Northeast GSA is Coming to Hartford!


[Ali Steullet and Dr. Wizevich at the 2012 meeting in Hartford. After attending grad school in Oklahoma, Ali is now with Noble Energy in Houston, TX.]

Our Department has developed a tradition over the past 12+ years in providing our students with an opportunity to participate in a regional professional meeting. Every year since 2008, we have had between 10 to 25 students attend the meeting (see some photos below) which is typically held in a location in the northeast, such as Portland, ME, Pittsburgh, PA, Burlington, VT, Lancaster, PA, and so on (see In 2012, the meeting was held in Hartford, and Uconn was the host and we were a co-host department. Of those students attending the meetings, 6 to 14 each year have presented their independent research as a poster to others in the geoscience community. This experience had directly benefited everyone and have provided them with an advantage when applying to jobs and/or graduate school.


[Emily Gajda (now Emily Lincoln) at her poster in Albany, NY. Emily is now working on her Master’s at the University of Vermont.]

Now, the Northeastern section meeting of the Geological Society of America is coming to Hartford on March 14-16, 2021 and our Geological Sciences Department is the host! Check out the link and Put the dates on your calendar: Dr. Evans is the Organizing Chair for the entire meeting and all of the faculty in the Department are helping. There will be opportunities for student involvement. For example, students doing their Senior Project or other independent research will be able to present their results at the meeting. Also, we will need lots of student helpers at the meeting (you get to attend for free). We also encourage all students to plan on attending to support those presenting. We will keep you posted as to developments during the fall.


[Chris Lafonte at his poster at Bretton Woods, NH in 2013. Chis is now an environmental consultant in eastern New York.]


Gary Gomby: Educating on Climate Change


The Geological Sciences Department at CCSU is fortunate to have a group of talented and enthusiastic adjunct faculty members. Mr. Gary Gomby is one of those important individuals. His particular passion is climate change, which he has successfully turned into new curriculum on the Anthropocene – the concept that humans have changed the environment to such an extent that it can now be clearly identified in the geological record. Gary is the convener of a special workshop on the Anthropocene at the upcoming Earth Educators’ Rendezvous conference this summer, where he will share assignments, pedagogical techniques, and lesson plans with educators from across the country.  CCSU is very fortunate to have Gary Gomby among its faculty!

CCSU Student Receives CT DEEP Internship


CCSU Geological Sciences major Jessica Peluso was recently awarded a DEEP Internship in the Water Division and Permitting.  DEEP was impressed with her coursework and activities at CCSU as well as her undergraduate research project with adjunct faculty member Allison Charney and retired UCONN faculty member Randy Steinen. You can read the abstract of her 2019 Northeast Geological Society of America conference poster presentation, “Origins of Columns in West Rock Ridge Diabase: Cooling Cracks or Tectonic Joints,” here:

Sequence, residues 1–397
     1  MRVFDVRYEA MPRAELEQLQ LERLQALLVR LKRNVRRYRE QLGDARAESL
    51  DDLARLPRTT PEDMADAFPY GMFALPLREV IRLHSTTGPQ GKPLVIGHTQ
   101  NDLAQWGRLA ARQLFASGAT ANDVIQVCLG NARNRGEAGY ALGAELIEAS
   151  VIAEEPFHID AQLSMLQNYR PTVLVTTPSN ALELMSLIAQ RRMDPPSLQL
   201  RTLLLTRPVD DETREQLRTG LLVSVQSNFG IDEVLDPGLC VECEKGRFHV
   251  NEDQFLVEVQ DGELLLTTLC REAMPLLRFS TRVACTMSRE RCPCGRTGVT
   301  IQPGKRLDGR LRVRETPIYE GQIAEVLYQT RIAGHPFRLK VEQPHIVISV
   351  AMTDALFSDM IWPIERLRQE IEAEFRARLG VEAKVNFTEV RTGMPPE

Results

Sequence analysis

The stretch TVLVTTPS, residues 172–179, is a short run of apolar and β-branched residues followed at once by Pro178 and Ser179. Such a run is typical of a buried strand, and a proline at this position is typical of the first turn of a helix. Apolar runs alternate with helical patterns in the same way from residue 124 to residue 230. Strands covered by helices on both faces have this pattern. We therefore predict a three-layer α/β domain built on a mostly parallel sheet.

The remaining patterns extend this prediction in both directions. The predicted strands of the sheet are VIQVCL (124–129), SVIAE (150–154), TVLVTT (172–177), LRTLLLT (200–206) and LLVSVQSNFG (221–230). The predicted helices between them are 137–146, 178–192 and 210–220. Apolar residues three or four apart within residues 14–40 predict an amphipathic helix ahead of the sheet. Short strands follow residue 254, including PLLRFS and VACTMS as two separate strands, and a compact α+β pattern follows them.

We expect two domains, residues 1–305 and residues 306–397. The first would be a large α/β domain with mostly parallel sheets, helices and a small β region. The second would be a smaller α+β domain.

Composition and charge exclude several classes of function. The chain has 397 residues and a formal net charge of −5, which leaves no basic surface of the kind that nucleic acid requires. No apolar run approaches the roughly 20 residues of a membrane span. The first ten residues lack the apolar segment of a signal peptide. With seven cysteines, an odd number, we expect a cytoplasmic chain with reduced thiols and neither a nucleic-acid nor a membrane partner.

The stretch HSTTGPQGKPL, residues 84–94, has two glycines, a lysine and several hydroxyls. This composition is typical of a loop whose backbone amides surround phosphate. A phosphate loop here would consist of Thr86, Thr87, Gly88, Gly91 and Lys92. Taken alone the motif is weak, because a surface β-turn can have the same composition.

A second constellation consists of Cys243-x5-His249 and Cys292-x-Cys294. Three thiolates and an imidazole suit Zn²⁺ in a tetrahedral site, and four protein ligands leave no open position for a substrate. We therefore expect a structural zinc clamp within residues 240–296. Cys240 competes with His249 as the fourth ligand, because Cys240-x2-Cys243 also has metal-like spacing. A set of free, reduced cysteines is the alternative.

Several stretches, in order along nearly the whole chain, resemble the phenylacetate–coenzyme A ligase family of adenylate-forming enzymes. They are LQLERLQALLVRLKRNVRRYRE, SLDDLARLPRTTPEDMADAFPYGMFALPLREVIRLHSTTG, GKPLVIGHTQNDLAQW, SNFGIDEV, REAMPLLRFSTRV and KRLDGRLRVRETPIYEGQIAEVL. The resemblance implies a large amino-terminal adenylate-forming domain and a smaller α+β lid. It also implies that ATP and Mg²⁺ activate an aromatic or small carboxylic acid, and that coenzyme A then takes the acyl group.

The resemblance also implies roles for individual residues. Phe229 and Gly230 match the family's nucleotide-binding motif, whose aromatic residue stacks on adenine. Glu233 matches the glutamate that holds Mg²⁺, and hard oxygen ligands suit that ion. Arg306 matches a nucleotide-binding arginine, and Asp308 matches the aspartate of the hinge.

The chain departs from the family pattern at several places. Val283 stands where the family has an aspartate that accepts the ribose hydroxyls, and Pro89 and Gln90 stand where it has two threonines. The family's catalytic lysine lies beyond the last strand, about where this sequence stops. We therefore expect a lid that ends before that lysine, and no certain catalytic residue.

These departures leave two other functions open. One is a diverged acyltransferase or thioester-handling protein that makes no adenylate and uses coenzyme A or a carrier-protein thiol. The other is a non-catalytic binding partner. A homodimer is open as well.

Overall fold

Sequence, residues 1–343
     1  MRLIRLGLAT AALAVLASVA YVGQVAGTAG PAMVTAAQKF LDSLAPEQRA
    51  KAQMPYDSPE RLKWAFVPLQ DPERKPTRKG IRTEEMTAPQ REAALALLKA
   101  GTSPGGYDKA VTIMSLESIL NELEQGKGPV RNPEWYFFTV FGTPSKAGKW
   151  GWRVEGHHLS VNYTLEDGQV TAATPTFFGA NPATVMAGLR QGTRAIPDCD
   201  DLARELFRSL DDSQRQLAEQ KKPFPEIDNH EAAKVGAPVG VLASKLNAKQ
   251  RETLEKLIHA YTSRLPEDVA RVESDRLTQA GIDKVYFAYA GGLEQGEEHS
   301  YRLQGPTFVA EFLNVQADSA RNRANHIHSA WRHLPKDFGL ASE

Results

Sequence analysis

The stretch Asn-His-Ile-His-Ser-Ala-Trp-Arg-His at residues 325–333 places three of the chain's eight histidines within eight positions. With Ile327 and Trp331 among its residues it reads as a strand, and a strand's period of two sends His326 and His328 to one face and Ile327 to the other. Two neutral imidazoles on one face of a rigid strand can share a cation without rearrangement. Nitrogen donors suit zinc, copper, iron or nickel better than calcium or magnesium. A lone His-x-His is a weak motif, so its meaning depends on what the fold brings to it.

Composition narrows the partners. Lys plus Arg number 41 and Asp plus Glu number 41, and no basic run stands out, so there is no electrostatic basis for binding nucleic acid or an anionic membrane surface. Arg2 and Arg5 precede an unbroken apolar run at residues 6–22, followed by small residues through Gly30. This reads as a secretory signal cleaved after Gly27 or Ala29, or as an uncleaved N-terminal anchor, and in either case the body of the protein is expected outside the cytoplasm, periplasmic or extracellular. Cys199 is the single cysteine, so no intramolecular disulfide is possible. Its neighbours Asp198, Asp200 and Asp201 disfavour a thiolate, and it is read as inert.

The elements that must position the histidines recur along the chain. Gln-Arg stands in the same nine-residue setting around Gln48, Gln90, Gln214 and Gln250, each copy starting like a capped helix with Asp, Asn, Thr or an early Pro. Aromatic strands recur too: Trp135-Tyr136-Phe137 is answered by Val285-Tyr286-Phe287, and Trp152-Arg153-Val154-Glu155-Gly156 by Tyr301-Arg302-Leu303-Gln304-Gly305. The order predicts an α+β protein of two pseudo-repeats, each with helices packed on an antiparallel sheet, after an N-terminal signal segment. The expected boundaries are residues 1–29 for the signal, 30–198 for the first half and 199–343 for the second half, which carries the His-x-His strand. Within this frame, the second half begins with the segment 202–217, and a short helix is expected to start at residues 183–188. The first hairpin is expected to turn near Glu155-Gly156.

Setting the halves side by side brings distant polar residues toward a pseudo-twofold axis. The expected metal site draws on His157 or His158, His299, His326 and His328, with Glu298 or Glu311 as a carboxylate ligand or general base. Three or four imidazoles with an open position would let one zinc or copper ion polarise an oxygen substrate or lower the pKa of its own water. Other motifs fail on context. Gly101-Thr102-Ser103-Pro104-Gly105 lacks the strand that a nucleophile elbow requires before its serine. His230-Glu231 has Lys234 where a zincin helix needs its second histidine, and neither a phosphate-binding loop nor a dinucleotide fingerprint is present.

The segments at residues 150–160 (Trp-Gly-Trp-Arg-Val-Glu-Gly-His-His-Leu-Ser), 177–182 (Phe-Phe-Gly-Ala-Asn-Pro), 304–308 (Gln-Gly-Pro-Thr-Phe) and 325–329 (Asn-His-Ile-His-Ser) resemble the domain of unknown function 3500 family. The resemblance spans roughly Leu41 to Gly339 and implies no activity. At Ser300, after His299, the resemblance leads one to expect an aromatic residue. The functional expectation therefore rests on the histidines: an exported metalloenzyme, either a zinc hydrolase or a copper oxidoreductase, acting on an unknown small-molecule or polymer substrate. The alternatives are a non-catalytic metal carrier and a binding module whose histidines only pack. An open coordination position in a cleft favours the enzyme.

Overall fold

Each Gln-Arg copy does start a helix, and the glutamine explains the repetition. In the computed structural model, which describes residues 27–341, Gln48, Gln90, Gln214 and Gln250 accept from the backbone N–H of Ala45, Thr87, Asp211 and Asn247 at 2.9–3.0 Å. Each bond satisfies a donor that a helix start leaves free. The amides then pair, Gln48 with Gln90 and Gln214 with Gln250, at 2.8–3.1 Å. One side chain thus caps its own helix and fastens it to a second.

Congrats Jess! You rock!

CCSU Rocks Connecticut Geology


The CCSU Geological Sciences Department was well represented at the recent annual meeting of the Geological Society of Connecticut.

Faculty member Dr. Michael Wizevich (far left) reports “A good time was had by all, especially Josh (who won the prime raffle prize of a mineral specimen) and Jess (who won a GSC guidebook).  Kaitlin Taylor was acknowledged as a winner of a student research grant. I was reelected to serve on the board of directors.”

Student Jess Peluso (second from left) adds “This past Friday night I had the privilege of attending my first Geological Society of Connecticut dinner. It was held at a beautiful hotel in Southbury. Food was served and an interesting talk was given about metamorphic terrains in western Connecticut. Throughout the event I got to shake hands and socialize with some of Connecticut’s most well known geoscientists. The highlight of my night was definitely taking home a raffle prize! I was the last of four winners and received a book about glacial Lake Hitchcock. I also got to cheer on as fellow CCSU student Josh Cope won the grand prize – a nice cluster of quartz found locally in Connecticut. It was a great evening and I would absolutely go again next year!”

Field Trip to Local Mines is a Trip Back in Time


From 1620’s to the late 1800’s several companies came in to the East Hampton, Connecticut area to mine for gold, but only a single small pocket was found. However, nickel and cobalt were more plentiful, although still limited. There is a single mafic dike-type intrusion that contains mineralization. It was small, below the water table, and had very low yields. Interestingly, the area has a lot of arsenopyrite and silver-minerals. It is pretty amazing to think that no one apparently noticed the silver. All of the mine shafts left today are fairly deep and total about 1100 ft in length (I’ve found 6 total). In the end, the mining businesses went  bankrupt. In the 1940’s the surface pegmatite dikes were quarried for their huge, perfect micas, some as big as 1.8 by 0.6 m!!! The sheets were used in electronics, for example in World War II communication technologies like radios.  – Dr. Allison Charney